Wake up and die

Duke researchers may be on to a way to activate herpes long enough to kill it

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DURHAM, N.C.—Duke University Medical Center scientists report that they have discovered how the herpes simplex virus 1 that causes cold sores remains dormant and hidden, and that they may also have a way to "wake it up and kill it," as a recent Duke news release about the research puts it.

"We have provided a molecular understanding of how HSV1 hides and then switches back and forth between the latent and active phases," says Bryan Cullen, Duke professor of molecular genetics and microbiology.

Most of the time, he notes, HSV1 lives quietly for years in the trigeminal nerve of the face until triggered to reawaken by excessive sunlight, fever or other stresses—and thus it largely remains out of reach of any effective therapies. During the dormant period, HSV1 does not replicate itself and only produces one molecular product, called latency associated transcript RNA (LAT RNA).

Cullen says that it has "always been a mystery" what LAT RNA does. "Usually viral RNAs exist to make proteins that are of use to the virus," he adds, "but this LAT RNA is extremely unstable and does not make any proteins."

In mice, the Duke  team showed that the LAT RNA is processed into smaller strands of microRNAs that block production of the proteins that make the virus initiate active replication. As long as the supply of microRNAs is sufficient, the virus stays dormant.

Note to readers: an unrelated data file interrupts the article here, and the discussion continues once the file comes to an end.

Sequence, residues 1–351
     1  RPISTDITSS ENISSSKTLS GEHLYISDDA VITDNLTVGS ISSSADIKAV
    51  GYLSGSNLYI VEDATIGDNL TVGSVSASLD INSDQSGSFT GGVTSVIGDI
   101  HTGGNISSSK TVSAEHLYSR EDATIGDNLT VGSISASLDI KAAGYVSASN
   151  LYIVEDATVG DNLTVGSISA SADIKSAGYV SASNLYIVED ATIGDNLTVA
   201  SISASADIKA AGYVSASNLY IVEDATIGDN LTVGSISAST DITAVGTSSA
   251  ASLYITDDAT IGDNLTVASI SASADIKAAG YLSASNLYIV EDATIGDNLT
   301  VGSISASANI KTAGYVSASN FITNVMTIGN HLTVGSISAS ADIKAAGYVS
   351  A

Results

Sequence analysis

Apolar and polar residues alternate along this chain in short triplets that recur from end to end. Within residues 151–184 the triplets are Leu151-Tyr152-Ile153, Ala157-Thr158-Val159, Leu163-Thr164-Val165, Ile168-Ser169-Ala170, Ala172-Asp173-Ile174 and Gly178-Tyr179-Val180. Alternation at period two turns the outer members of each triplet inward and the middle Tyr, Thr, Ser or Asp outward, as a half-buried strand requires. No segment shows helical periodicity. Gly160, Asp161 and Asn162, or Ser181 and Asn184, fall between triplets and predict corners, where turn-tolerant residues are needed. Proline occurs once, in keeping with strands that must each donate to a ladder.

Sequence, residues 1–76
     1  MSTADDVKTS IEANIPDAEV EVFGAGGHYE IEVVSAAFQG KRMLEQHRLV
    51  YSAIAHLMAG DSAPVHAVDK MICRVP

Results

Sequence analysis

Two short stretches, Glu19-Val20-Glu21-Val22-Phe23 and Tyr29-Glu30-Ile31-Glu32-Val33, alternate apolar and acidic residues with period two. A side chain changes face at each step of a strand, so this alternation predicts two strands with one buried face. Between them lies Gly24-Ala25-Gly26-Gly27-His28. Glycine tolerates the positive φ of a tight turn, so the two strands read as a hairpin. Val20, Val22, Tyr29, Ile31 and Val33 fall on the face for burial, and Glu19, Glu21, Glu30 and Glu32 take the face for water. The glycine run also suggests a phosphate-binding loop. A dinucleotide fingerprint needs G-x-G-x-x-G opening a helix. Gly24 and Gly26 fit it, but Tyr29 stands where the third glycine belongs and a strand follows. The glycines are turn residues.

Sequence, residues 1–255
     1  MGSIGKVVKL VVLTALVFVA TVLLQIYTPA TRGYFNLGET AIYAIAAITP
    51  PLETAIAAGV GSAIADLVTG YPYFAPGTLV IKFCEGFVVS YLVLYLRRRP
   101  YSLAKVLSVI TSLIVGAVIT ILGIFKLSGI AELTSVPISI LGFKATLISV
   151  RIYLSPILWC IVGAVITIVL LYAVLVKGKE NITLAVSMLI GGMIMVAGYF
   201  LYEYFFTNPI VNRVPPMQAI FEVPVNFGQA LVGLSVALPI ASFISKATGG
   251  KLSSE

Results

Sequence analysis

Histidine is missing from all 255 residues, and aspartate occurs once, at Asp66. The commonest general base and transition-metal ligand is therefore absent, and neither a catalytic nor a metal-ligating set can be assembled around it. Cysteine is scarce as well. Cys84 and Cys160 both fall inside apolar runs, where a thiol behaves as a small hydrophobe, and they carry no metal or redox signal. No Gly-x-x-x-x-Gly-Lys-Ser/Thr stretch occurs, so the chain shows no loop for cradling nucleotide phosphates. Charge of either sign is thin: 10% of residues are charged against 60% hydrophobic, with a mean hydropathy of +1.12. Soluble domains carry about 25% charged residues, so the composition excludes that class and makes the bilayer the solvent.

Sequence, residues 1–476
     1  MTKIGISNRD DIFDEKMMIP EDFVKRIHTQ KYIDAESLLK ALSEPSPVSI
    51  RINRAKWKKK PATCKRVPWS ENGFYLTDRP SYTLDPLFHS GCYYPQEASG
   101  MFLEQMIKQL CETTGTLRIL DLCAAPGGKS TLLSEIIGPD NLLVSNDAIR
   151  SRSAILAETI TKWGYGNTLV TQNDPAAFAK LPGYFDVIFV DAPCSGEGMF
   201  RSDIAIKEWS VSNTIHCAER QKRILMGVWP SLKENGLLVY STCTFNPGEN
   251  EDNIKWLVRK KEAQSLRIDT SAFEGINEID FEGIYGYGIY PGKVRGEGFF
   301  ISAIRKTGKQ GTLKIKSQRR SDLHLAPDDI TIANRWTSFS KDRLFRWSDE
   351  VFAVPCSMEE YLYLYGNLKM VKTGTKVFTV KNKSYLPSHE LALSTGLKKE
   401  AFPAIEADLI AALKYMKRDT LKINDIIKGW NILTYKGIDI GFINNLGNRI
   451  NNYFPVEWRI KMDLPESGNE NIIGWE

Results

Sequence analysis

After a larger stress, however, the virus starts making more messenger RNA than the supply of microRNAs can block, and protein manufacturing begins again. This tips the balance, and the virus ultimately makes proteins that begin active viral replication. These findings were recently published in the journal Nature.

Other herpes viruses also make significant use of microRNAs, but in a different way in many cases, so Cullen doesn't necessarily think his team's findings have a wider application for all herpes, particularly not for Epstein-Barr virus, cytomegalovirus, or the herpes viruses associated with roseola or Kaposi's sarcoma.

But there are very likely insights that can be applied in developing treatments for herpes simplex virus 2, which affects the genitals, and possibly for herpes zoster as well, which causes chickenpox and can resurface in adulthood to cause shingles.

The approach to curing HSV1, and possibly HSV2 and herpes zoster, would be a combination therapy, Cullen says, adding, "Inactive virus is completely untouchable by any treatment we have. Unless you activate the virus, you can't kill it."

So, he and his team are testing a new drug designed to very precisely bind to the microRNAs that keep the virus dormant. If it works, the virus would become activated and start replicating. Once the virus is active, a patient would then take acyclovir, a drug that effectively kills replicating HSV1.

"In principle, you could activate and then kill all of the virus in a patient," Cullen says. "This would completely cure a person, and you would never get another cold sore."
He and the team are now working with drug development companies in animal trials to begin to answer questions about how to deliver such a drug most effectively. DDN

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